It’s 2040, and New York City’s Triboro Line—24 miles of once abandoned railway tracks stretching from Sunset Park in Brooklyn to Co-op City in the Bronx—has become a vital part of the urban transit system for 100,000 daily riders, a catalyst for economic growth, and a place for recreational activities.

Once hidden below street level and behind trees, the rail lines of the Triboro now efficiently link people and goods moving between Brooklyn, Queens, and the Bronx—all without going through Manhattan. Travel times along the route have been reduced, with service every five to 15 minutes, enabling a passenger from Parkchester, in the Bronx, to get to her housekeeping job in Astoria and home in time to pick up her child at daycare. New manufacturing businesses are thriving in Ridgewood Queens, and freight deliveries arrive on time from a Hunts Point food distributor to a customer in East New York, a delivery that previously went by truck. All along the route, cyclists and pedestrians enjoy a car-free greenway and new parks, while the elderly and disabled easily access trains.

ORG Permanent Modernity for the Fourth Regional Plan

Why it happened

The Triboro Line was a valuable asset waiting to be developed. It covers 80 square miles in area with a population of 2.6 million people, one of the most diverse communities in the city, and a large aging population. It intersects with 17 subway lines and four commuter trains. Before the Triboro, commute times were often long, and access to reliable transportation inconvenient, especially for those who didn’t commute to Manhattan. When it was built, nearly 60 percent of households in the Bronx and Brooklyn, and 36 percent in Queens, did not own cars, making the Triboro a critical link to get to work or school, and for recreation. 

These challenges will only grow as NYC jobs grow. Fifty percent of NYC’s job growth has occurred outside of Manhattan in the last 15 years, and that’s only projected to continue. 

How it happened

The Triboro Line took some time to build, but cost less than $2 billion, less than other projects like the Second Avenue subway. New signals and track were added, and a few new substations, as well as a complementary network of urban greenways and open spaces. The existing track was either raised, sunken, or decked, and connecting bridges and tunnels were built to improve access to stations. The rail right-of-way is now intact and fully grade-separated, which required structural improvements.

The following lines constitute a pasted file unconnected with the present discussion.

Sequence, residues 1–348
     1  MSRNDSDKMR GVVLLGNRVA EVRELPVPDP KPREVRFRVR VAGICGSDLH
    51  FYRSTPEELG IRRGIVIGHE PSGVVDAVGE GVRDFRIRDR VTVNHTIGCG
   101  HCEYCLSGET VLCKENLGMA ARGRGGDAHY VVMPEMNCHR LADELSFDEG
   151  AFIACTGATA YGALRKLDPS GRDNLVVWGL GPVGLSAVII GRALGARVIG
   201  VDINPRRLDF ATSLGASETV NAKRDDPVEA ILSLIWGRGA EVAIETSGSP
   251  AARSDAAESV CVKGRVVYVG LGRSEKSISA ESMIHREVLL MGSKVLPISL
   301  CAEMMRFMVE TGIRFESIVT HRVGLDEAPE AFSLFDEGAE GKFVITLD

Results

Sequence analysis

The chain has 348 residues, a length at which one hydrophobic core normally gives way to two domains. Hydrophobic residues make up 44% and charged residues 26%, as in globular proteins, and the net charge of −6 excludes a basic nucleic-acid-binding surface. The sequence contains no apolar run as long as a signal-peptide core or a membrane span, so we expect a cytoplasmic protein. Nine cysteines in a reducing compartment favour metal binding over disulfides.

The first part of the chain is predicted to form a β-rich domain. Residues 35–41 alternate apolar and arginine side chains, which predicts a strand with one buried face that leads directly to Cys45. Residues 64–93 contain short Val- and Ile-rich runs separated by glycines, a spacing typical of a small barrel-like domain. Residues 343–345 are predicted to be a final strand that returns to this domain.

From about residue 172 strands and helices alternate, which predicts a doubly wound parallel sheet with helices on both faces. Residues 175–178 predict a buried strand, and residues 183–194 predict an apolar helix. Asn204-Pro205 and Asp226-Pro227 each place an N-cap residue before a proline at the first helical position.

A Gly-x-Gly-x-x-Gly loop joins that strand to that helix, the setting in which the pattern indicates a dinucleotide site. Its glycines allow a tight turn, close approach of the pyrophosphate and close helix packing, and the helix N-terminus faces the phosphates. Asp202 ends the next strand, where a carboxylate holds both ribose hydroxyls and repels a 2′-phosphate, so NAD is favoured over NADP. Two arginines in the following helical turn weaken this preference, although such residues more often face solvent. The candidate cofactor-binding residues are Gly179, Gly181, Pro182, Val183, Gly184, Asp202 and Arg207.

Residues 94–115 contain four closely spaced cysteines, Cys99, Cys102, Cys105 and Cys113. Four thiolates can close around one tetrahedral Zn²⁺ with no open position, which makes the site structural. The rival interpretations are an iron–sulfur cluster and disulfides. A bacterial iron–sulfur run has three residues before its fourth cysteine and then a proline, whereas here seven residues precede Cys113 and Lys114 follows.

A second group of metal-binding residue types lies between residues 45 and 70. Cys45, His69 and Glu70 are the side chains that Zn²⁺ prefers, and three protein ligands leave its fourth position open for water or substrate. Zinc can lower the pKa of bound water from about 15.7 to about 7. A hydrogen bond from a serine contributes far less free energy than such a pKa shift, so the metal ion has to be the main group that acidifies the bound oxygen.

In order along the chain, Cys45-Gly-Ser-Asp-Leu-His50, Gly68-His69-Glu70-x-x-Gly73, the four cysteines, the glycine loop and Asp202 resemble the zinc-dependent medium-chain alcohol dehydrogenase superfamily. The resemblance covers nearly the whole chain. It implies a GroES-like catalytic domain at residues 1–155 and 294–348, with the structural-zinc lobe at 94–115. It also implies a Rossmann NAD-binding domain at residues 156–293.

The line was built in a way that protected existing residents and businesses. Legal protections against displacement started in East New York, and extended throughout the corridor, enabling many families to remain in their homes. New stations were designed around centers of activity: a revitalized industrial district in Sunset Park, an expanded college campus above the line near Brooklyn College, an expanded mixed-income neighborhood in East New York, a new intermodal mixed-use node near Queens Boulevard, and a regional goods-distribution hub in Hunts Point. Most of this development was incremental and carried out with close community cooperation, rather than large development proposals that transformed large areas at once.

Some 9,000 acres of government-owned land were redeveloped as open spaces, and new businesses funded vocational training programs linked directly to small-scale manufacturing.

As in other major cities (see Chicago Metra example), the Triboro Line was built to accommodate both passengers and freight. The movement of food into NYC followed projections, and increased 61 percent by 2035, following a dramatic rise in population growth. With the Triboro freight connection, congestion and truck traffic in Hunts Point has been reduced and the cleaner air has led to lower asthma rates.

How the recommendations of the Fourth Regional Plan helped

The Triboro did more than just improve regional mobility. It also addressed inequities in the transit system, gave more people access to jobs, created opportunities for affordable housing, improved public health in an area with high rates of obesity and asthma, and made the transportation network more resilient to storms, flooding, and other disruptions. The Triboro Line brought workplaces closer to the workforce, particularly for economic sectors not traditionally centered in Manhattan, such as education, health care, logistics, manufacturing, and food. Designed for an older and more diverse population, the new transit option has shown how a city can meet a citizenry’s evolving needs and capitalize on its existing assets.